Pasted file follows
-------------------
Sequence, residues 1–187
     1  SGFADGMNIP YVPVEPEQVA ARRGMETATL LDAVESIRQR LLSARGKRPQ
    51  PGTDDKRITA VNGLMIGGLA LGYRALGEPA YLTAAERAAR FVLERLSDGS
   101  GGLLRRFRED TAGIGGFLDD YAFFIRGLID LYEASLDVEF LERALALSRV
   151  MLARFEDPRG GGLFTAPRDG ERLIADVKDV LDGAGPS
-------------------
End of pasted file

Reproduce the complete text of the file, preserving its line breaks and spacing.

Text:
Sequence, residues 1–187
     1  SGFADGMNIP YVPVEPEQVA ARRGMETATL LDAVESIRQR LLSARGKRPQ
    51  PGTDDKRITA VNGLMIGGLA LGYRALGEPA YLTAAERAAR FVLERLSDGS
   101  GGLLRRFRED TAGIGGFLDD YAFFIRGLID LYEASLDVEF LERALALSRV
   151  MLARFEDPRG GGLFTAPRDG ERLIADVKDV LDGAGPS